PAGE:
Could clutter really make us overweight? Multiple studies have found a link between clutter and poor eating choices.
Disorganized and messy environments led participants in one study to eat more snacks, eating twice as many cookies than participants in an organized kitchen environment yet one’s mindset in that environment can either trigger or buffer against that vulnerability. Other research has shown that people with hoarding severity were associated with increase body mass index (BMI) and that those with extremely clutter homes are 77% more likely to be overweight. Additionally, a tidy space in one analysis was associated with healthier food choices.
An Indiana University study that examined the relationship between physical activity and a range of variables involving urban residents’ homes and neighborhoods found that the inside of study subjects’ homes had more to do with higher physical activity levels than the other environment elements considered.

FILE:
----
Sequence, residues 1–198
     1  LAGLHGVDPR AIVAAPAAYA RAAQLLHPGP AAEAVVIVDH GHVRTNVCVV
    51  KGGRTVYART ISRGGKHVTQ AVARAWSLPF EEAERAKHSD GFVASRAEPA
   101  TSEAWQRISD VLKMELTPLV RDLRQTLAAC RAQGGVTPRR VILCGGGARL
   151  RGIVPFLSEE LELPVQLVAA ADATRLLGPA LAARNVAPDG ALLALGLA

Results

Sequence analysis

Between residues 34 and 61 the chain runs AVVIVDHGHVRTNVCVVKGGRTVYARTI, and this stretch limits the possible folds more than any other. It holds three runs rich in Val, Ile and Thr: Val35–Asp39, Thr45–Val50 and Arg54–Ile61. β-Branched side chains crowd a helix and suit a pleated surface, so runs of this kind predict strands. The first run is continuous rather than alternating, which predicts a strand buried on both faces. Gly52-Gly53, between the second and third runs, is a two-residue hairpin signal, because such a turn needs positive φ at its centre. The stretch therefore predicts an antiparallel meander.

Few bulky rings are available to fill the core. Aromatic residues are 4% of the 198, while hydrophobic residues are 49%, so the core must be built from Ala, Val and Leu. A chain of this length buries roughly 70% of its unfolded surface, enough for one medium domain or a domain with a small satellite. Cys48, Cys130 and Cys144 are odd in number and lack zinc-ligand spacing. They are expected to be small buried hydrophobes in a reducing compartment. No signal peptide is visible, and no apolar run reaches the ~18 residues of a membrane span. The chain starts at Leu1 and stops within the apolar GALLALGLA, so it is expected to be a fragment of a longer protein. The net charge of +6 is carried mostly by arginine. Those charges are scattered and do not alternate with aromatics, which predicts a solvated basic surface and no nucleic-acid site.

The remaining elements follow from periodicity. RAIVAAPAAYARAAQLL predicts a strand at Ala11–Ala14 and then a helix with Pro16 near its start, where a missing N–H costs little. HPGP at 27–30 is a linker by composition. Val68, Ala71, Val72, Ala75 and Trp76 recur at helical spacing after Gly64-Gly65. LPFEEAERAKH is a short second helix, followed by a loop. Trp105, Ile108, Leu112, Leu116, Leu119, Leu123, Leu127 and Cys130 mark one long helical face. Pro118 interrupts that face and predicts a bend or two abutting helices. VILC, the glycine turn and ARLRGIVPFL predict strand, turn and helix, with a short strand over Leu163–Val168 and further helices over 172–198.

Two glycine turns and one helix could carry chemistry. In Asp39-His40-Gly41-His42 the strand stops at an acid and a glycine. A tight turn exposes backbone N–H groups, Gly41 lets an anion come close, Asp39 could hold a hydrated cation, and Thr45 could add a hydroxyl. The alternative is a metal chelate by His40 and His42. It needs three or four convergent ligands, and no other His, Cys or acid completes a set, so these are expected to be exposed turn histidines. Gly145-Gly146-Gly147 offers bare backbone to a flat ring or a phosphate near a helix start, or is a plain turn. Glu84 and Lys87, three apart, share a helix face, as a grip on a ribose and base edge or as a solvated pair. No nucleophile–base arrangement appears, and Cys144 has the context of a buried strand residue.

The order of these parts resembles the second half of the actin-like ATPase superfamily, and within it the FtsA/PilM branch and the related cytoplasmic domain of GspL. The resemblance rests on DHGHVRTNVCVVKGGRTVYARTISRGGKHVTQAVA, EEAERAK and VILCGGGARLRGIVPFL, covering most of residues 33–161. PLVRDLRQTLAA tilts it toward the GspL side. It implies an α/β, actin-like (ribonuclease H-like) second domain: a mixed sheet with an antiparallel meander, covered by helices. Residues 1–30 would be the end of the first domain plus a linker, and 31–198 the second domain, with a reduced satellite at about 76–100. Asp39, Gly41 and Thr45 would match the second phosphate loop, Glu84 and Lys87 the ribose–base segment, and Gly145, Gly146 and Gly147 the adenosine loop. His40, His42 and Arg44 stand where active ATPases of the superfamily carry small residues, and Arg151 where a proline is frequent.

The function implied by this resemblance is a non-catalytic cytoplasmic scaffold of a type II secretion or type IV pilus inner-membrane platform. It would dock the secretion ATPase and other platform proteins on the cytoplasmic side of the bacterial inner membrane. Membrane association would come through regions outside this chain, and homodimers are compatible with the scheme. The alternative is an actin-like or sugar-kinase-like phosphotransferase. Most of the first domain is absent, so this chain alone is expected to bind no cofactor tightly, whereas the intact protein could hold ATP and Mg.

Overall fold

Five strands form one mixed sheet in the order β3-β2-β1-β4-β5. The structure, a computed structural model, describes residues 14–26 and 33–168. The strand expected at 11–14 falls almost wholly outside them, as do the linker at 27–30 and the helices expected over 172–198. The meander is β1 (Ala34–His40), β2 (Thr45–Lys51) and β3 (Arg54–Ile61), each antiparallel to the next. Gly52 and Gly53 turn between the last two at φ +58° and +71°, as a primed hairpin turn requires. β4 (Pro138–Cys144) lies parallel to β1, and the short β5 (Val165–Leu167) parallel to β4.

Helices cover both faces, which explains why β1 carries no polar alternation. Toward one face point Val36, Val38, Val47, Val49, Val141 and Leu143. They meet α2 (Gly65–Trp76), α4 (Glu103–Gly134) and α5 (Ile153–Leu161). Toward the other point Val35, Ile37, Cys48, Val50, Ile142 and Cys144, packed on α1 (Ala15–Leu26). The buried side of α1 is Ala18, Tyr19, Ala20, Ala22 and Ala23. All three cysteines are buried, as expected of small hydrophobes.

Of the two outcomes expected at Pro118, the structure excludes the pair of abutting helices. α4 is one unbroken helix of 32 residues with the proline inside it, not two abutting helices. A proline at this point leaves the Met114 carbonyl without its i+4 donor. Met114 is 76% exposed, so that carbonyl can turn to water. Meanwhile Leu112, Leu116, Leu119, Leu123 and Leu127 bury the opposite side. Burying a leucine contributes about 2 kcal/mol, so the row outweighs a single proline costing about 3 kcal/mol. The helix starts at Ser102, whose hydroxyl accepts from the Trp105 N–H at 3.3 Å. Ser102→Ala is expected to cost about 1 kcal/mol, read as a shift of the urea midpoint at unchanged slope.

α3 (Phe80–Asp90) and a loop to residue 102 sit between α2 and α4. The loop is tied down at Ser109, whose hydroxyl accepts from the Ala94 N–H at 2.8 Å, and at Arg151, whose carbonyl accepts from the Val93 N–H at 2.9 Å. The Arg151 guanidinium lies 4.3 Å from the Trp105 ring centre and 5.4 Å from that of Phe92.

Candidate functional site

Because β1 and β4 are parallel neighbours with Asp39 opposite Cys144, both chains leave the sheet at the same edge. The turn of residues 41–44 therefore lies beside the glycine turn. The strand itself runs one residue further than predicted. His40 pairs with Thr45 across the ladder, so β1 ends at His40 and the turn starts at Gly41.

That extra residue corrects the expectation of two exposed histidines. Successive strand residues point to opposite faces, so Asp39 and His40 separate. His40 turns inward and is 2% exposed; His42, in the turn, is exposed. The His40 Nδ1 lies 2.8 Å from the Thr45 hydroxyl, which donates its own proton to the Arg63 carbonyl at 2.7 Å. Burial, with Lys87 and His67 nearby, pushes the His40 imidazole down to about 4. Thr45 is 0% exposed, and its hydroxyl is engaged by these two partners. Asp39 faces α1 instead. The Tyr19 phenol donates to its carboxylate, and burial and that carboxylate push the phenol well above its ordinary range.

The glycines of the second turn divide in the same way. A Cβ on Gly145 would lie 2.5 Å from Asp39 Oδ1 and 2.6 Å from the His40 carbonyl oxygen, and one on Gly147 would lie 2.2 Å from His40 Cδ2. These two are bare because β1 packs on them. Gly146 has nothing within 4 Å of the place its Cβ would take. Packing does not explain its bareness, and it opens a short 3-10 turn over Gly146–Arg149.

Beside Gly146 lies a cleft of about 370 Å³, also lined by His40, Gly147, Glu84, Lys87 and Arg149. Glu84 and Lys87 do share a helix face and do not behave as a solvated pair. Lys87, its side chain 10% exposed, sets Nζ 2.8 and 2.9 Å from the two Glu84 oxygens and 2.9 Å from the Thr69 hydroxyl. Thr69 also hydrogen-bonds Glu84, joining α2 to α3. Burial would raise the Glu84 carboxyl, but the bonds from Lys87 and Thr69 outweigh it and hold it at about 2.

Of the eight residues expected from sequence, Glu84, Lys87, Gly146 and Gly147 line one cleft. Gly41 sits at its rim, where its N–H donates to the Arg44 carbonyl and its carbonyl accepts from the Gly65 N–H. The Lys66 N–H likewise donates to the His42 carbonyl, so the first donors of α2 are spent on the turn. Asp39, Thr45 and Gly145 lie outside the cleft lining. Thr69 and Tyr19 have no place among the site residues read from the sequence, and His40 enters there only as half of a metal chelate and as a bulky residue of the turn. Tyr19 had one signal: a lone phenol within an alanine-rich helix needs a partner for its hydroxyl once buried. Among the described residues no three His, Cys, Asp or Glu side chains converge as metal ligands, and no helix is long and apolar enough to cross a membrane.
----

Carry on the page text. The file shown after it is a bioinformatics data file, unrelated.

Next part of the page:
Now, not everyone who has clutter is overweight. Yet, most people who are overweight seem to have clutter. The connection between clutter and weight gain is that body fat and clutter both act as a protective layer to help people to feel less emotionally vulnerable. Conversely, the stagnant energy that accumulates around both causes a feeling of being stuck that can be very frustrating and restrictive [Read more…]